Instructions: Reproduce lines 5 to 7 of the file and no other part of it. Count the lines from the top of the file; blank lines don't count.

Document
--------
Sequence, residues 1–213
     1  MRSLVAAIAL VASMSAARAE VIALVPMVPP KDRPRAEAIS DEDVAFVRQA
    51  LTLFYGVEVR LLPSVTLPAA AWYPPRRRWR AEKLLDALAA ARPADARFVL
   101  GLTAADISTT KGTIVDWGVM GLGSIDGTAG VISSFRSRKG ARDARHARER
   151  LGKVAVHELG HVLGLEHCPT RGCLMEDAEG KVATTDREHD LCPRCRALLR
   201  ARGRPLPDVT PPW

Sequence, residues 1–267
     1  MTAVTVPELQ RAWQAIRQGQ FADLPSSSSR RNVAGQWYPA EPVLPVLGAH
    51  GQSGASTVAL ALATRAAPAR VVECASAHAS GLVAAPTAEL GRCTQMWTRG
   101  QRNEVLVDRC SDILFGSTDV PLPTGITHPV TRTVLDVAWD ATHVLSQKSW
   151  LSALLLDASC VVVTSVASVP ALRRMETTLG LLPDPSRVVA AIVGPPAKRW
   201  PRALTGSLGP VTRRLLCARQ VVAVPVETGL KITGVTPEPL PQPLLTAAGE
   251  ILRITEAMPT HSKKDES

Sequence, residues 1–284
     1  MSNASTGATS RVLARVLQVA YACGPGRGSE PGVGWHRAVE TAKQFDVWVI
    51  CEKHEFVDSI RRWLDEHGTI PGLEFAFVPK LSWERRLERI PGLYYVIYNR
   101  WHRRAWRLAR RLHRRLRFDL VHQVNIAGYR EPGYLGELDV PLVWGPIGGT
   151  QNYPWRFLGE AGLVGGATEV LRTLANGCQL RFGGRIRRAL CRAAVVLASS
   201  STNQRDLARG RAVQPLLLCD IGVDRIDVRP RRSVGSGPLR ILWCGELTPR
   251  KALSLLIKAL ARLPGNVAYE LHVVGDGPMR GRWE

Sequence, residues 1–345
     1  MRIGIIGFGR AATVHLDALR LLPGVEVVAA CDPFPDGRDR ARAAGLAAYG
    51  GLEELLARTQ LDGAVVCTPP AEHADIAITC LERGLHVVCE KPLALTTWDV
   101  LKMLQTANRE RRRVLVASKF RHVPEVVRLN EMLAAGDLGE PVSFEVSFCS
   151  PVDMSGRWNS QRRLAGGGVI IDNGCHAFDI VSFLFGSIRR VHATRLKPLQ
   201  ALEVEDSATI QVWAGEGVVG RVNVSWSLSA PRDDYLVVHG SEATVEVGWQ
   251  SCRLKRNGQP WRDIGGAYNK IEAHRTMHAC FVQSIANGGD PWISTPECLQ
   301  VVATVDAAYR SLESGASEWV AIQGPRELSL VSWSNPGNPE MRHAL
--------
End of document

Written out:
   151  LGKVAVHELG HVLGLEHCPT RGCLMEDAEG KVATTDREHD LCPRCRALLR
   201  ARGRPLPDVT PPW

Sequence, residues 1–267